It’s worth a moment to think about why college age females support these productions. Some people want to be naughty, which I can’t stop. That’s not all of them, I bet. This article on Busted Halo has an interesting take. The question: “Could The Vagina Monologues be a way in which victims of sexual assault find empowerment, a voice, a forum in which their cry is heard in a society that isn’t comfortable hearing their experience and how it has affected them?” I suspect it’s true. Most schools and communities, including Bellarmine as far as I know, don’t provide those outlets. Catholic leaders and writings place a huge emphasis on purity, idealizing virginity among women. It’s “Virgin Mary” over “Mary” again and again. Yes, Mary’s accession to God working through her is a big deal; I’m not trying to downplay that. Her choice was vital. What I am questioning is the repetition of “Virgin” over “Mary, mother of god.” Why do we emphasize the aspect of her? If true until the end of her earthly life, she and Joseph didn’t even have a good marriage, because sexuality is part of a valid coupling. Why do we support and romanticize and idealize that pairing? That doesn’t help. Also, and this should become part of a much longer thought, what passes by most people for valid complete theology of the body fails to think about these cases.
I know people generally don’t like to think about truly painful situations. Slightly bad situations we can do, and Americans revel in those; take, for instance, the Miley Cyrus picture stories. That might be interesting. On the other hand, I received the 2007 report of the Center for Women and Families (in response to the presenter’s request, I contributed privately) which notes that their hospital advocates met with 258 victims of sexual assault. Just in the Louisville area, that number is. How many of the outraged posters about Hannah Montana worried about ANY of those?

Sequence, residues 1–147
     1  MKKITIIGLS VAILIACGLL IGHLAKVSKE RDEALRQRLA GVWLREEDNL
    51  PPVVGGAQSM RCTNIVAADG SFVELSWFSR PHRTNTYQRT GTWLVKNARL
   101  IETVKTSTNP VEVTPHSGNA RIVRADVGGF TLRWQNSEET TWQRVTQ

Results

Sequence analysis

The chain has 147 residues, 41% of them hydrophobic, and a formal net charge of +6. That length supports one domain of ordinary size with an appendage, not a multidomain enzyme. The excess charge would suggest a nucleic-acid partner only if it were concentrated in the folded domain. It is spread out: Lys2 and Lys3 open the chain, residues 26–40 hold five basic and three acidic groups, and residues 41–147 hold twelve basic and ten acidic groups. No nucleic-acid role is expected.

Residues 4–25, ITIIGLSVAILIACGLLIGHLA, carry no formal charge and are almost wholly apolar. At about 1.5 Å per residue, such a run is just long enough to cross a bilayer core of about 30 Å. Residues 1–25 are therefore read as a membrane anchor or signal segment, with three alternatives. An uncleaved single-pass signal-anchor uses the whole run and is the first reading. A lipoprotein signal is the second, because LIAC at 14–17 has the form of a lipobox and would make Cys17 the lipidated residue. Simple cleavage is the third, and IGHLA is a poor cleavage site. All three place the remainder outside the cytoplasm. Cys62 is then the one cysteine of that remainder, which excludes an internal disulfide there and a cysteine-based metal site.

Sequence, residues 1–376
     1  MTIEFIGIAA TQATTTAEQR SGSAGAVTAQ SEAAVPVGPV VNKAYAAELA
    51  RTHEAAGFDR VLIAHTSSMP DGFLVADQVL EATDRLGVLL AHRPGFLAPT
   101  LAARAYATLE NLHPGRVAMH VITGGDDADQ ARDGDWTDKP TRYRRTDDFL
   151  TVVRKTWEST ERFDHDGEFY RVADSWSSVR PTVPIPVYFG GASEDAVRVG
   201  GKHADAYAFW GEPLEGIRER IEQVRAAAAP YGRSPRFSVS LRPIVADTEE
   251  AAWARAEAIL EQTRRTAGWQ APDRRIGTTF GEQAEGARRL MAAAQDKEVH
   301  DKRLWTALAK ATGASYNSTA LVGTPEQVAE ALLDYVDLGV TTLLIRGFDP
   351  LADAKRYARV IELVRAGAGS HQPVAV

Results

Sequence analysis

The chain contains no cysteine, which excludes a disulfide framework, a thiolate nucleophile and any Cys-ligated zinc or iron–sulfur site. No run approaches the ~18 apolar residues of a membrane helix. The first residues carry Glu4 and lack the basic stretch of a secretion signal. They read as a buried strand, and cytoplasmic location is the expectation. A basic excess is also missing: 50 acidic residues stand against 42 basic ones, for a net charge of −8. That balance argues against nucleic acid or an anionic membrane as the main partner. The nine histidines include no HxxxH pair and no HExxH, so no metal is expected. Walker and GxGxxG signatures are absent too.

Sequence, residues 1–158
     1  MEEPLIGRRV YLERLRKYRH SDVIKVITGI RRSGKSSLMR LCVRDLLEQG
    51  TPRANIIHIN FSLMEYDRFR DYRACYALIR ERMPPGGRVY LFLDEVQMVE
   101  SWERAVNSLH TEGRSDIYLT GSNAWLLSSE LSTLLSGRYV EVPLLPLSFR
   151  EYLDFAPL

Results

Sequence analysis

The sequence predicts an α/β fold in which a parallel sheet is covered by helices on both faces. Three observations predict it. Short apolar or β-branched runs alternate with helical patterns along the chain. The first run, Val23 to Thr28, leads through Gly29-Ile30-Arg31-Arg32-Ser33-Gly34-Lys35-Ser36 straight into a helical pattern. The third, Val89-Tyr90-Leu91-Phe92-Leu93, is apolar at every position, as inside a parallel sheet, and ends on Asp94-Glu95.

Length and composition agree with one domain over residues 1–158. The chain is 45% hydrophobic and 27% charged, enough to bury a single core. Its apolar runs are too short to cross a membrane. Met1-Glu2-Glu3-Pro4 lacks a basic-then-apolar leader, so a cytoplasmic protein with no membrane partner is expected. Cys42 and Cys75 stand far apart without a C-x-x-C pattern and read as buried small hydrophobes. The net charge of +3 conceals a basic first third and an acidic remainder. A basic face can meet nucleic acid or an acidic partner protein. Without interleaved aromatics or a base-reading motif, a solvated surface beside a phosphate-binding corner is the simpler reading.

But there aren’t enough of us. So, women turn to brutal, unloving portrayals like the monologues. They think that acting crudely and obscenely means power, because that’s what the males with power do. Take, for instance, Justice Clarence Thomas and porn or Bill O’Reilly and Caribbean vacations or prostitute frequenters Rep. David Vitter and Gov. Eliot Spitzer. Too many, far too many. There has to be another way. Taking the structure of the dominant dirty male, becoming a violent “vagina warrior”, cannot be the best possible outcome. I believe that a world without these often-fictional plays would be better. Alternatives need to be available, but in this aspect, the church, the community, and the state, all have failed. Women deserve better.